TOJ Roundtable – Darrelle Revis Edition

The TOJ Roundtable gives their thoughts on the New York Jets releasing Darrelle Revis…

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Give a few thoughts on the New York Jets decision to release Darrelle Revis..


Joe CaporosoThoughts here

Dalbin OsorioThe greatest player in the history of the team was released today. His last play was an interception that he almost returned for a touchdown. That’s how I choose to remember him. I can give you tons of stats, but his legacy exists beyond the numbers. He was a defensive player of the year candidate for most of last year, he should’ve won in 2009 and in 2010, and he is the greatest cornerback to ever play the game. No one covered AND tackled like him. People will tell you Deion Sanders was better and point to swag or the interceptions as the rationale. Revis changed the game like Sanders did, but Revis did it in an era that favored the wide receiver and during a time where cornerbacks weren’t even allowed to breathe on wideouts. He was the best when you actually had to be the best. And he was the Mariano Rivera of this Core Four. If Brick was Pettitte, Mangold was Jeter, and Harris is the last one standing in Posada then Revis was the closer. Harris will remain, but Revis was the game changer and the best pick Eric Mangini ever made. Thank you 24. 

Joe Malfa:  Right around 2006, when I was eight-years-old, is when I started following the Jets very closely and understating everything that was going on.

That year, they drafted D’Brickashaw Ferguson and Nick Mangold. The following year, they drafted Darrelle Revis and David Harris. This was the birth of the “Core Four” of this era of Jets football. Brick retired, Mangold and Revis are gone, and Harris will probably be gone within the next couple of years as well. It’s weird to think about, but my first era of Jets football (as a cognizant fan) has come to an end.

Thank you, Darrelle Revis, for providing a lot of great memories in this “first era” that I was able to experience. A few memories that stick out are the interception to seal the victory against the Cowboys on the 10th anniversary of 9/11, the ’09 playoff run where he shut down everyone he lined up against, and the 100-yard pick-six against the Dolphins in 2011. Yes, there were the holdouts and winning a ring with the enemy, but we as Jets fans should focus on the eight seasons he gave us. For roughly four of those eight seasons, he was arguably the greatest Jet — perhaps even the greatest cover corner — of all-time.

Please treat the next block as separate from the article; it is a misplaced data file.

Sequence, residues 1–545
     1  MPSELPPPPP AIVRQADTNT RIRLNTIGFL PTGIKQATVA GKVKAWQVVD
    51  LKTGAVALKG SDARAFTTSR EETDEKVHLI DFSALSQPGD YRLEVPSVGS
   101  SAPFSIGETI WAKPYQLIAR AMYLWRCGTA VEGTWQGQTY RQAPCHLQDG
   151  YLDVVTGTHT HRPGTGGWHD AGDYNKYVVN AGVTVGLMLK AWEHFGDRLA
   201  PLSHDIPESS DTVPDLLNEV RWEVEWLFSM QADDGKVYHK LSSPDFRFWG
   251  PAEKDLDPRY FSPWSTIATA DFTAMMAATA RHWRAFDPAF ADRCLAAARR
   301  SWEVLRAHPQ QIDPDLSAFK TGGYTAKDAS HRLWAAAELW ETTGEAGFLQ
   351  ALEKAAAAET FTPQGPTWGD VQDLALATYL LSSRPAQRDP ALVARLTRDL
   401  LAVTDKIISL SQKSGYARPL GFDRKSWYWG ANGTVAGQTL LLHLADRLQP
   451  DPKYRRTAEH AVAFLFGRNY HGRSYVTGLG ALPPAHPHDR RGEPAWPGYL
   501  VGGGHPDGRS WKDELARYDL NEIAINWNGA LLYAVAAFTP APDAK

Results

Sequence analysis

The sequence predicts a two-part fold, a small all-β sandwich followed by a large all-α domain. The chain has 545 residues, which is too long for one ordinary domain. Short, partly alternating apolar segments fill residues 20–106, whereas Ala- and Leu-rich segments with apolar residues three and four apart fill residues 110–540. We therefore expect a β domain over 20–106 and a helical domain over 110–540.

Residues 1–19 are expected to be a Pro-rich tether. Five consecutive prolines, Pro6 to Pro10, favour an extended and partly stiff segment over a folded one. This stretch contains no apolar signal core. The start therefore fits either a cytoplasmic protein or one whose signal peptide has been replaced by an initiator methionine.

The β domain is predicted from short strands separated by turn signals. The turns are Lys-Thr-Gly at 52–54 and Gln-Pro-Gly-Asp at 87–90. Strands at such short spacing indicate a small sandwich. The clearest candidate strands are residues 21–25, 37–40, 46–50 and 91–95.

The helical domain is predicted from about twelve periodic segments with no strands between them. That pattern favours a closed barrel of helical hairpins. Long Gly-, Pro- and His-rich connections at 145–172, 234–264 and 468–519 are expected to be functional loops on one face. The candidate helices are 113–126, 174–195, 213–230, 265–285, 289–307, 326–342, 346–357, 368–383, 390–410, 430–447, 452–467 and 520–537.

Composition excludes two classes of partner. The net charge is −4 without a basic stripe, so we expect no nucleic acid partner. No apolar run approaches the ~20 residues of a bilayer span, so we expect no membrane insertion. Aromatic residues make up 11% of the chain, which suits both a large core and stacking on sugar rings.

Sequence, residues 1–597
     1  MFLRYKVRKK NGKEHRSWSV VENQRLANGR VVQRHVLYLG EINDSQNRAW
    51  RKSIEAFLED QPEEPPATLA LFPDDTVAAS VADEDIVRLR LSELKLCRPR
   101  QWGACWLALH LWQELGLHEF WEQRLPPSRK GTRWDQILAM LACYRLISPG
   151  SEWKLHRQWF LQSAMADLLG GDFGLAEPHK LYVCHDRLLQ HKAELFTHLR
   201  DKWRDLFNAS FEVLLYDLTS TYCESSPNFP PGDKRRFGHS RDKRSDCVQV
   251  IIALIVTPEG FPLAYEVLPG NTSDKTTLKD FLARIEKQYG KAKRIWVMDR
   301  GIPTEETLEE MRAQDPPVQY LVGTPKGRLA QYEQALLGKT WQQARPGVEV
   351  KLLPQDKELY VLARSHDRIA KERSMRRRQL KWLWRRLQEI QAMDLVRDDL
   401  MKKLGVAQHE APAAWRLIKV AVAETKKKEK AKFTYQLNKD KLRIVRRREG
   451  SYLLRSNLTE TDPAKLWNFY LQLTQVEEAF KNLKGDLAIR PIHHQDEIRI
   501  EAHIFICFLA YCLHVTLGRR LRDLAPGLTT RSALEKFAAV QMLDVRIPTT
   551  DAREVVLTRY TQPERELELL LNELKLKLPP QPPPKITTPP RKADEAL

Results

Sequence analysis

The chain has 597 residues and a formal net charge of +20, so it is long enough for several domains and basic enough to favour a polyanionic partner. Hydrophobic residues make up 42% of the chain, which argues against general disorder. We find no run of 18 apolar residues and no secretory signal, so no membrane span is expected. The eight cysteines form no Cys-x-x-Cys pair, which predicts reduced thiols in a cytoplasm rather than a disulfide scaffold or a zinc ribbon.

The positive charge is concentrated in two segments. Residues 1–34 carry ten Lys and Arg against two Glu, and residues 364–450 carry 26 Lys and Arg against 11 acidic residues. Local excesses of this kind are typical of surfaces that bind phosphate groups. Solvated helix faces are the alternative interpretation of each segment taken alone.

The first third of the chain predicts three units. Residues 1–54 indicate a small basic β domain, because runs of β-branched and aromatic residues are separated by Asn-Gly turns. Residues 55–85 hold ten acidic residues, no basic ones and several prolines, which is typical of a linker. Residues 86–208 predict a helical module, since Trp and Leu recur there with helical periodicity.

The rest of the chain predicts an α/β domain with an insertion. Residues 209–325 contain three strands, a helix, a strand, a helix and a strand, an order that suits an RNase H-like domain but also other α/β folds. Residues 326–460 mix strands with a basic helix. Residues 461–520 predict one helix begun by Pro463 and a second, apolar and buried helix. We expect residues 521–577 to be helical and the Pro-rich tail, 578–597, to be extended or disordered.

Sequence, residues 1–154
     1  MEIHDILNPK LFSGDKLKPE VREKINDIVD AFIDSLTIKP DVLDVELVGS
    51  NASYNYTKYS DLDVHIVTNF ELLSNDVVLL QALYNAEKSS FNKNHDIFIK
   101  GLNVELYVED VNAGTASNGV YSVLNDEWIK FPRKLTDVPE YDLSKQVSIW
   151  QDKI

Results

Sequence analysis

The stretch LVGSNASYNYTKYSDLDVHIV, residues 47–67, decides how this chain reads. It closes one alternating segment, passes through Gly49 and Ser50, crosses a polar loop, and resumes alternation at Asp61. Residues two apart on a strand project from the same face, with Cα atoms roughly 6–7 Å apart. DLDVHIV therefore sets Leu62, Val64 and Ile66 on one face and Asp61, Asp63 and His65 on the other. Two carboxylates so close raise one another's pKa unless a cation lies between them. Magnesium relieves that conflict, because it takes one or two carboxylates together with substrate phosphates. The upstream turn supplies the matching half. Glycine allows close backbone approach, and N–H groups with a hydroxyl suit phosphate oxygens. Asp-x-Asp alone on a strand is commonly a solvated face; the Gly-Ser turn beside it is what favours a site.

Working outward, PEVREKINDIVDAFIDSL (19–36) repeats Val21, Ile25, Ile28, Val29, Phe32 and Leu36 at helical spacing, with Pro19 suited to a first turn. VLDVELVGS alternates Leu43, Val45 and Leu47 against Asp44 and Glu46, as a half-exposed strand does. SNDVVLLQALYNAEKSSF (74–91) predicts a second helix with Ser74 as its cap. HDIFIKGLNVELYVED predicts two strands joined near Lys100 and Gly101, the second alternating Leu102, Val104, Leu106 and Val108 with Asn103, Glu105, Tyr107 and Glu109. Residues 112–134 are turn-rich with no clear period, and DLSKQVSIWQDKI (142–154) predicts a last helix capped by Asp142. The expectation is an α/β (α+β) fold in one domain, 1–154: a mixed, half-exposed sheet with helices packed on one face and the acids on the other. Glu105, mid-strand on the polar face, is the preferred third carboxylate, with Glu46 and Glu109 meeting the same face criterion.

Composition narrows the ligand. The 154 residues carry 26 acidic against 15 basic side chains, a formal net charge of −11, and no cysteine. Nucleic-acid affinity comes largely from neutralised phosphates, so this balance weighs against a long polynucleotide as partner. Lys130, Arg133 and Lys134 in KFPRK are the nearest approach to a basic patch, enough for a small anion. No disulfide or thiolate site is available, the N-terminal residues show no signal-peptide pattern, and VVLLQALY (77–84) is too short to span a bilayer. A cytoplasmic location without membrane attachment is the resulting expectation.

I am looking forward to the opportunity to get on my feet and thank Revis with one last standing ovation when the Jets add him to the Ring of Honor. Thank you 24.

Jake BenaquistoDarrelle Revis has always demonstrated the concept of football being a business, and the Jets made a business decision in releasing him. Like Mangold, Revis is one of the greatest Jets of all time and was a vital aspect of their AFC Championship runs in 2009 and 2010. Revis’ ability to shut down the best receivers in the game during his prime was incredible, and there’s no question that he’ll be in the Hall of Fame someday. Having said this, it was simply time for the Jets to move on from the 31 year old corner. Revis’ play and effort has clearly declined since cashing in on his massive contract in 2015, and he’s no longer worth the money he signed for. Unfortunately, his recent arrest was also likely a factor in his release. Although he had his flaws, Revis will always be remembered as a Jets legend and one of the most dominant defenders in NFL history.

Michael McLaughlin: Even Revis could not make his second act better than his first. For younger fans, however, no Jets player in franchise history was more dominant than him in his initial stint. His greatness was seemingly reaffirmed every time an elite wide receiver tried to gain a inch of separation on him but failed. While his final year and arrest are disappointing, they do not obscure that he is a HOF player.

John HargadenWhen the Jets traded up in the draft to select Darrelle Revis, analysts said across the board that he was going to be a good player. For years Revis was so good he even has his own island, where he was man to man in coverage and you knew that the WR he was up against had no shot. His first few years in the league he became a household name very quickly and he brought his A game every Sunday.  Revis will always be known as a resident of Revis Island and he will go down as one of, if not the best defensive player in Jets franchise history. It was a pleasure seeing you back for the past few seasons Revis and we will see you at the ring of honor shortly. Thank you 24.

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Author: Joe Caporoso

Joe Caporoso is the Owner and EIC of Turn On The Jets. His writing has been featured in the New York Times, Huffington Post, MMQB and AdWeek. Caporoso played football his entire life, including four years at Muhlenberg as a wide receiver, where he was arguably the slowest receiver to ever start in school history. He is the EVP of Content at Whistle Sports